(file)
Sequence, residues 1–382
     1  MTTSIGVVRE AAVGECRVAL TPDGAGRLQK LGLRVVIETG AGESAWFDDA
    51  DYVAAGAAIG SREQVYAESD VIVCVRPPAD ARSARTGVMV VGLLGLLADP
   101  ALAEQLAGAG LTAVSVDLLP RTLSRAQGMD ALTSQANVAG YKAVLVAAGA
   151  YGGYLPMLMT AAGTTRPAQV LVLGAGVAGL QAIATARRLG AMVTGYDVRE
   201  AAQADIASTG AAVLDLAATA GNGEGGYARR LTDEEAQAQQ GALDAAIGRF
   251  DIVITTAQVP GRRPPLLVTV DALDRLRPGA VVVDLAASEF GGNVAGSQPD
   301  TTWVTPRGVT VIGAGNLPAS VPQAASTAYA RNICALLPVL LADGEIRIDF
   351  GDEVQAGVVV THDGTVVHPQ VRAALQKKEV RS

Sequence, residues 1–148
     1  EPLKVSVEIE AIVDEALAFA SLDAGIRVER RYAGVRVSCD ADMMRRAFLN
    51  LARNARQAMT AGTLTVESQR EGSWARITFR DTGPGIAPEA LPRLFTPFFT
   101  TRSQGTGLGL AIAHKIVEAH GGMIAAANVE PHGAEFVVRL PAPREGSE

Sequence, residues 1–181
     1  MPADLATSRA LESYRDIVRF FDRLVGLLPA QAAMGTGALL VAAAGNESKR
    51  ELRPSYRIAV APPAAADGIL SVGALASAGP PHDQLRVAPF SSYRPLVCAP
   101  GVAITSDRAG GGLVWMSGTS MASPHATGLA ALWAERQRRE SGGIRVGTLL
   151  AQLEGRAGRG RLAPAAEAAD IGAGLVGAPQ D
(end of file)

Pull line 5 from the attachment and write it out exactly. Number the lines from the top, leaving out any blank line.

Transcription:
   151  YGGYLPMLMT AAGTTRPAQV LVLGAGVAGL QAIATARRLG AMVTGYDVRE